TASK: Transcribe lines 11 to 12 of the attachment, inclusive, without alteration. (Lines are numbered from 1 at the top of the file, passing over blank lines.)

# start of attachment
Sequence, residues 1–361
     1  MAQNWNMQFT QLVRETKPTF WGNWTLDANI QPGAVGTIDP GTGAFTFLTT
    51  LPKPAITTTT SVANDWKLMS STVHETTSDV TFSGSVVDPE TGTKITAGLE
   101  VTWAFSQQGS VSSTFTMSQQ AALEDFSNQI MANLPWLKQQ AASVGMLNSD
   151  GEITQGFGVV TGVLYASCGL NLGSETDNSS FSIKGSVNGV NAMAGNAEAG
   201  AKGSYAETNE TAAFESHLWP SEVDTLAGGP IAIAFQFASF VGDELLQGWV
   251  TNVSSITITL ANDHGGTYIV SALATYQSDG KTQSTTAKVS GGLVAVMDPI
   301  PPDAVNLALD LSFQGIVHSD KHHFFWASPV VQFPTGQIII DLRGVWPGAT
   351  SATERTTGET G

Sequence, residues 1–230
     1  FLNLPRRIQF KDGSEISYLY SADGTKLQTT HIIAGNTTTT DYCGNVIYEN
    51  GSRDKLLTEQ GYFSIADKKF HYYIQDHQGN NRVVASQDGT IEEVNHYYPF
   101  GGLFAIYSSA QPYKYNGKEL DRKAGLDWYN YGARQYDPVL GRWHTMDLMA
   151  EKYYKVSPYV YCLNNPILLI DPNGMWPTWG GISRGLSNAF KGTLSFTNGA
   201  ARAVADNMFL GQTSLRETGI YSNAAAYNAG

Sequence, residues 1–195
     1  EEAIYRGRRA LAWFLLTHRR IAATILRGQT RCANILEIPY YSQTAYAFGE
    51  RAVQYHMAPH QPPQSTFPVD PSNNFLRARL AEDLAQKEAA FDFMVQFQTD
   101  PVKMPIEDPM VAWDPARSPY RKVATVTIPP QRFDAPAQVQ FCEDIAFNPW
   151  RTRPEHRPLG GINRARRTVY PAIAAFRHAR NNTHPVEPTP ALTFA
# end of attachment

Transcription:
     1  FLNLPRRIQF KDGSEISYLY SADGTKLQTT HIIAGNTTTT DYCGNVIYEN
    51  GSRDKLLTEQ GYFSIADKKF HYYIQDHQGN NRVVASQDGT IEEVNHYYPF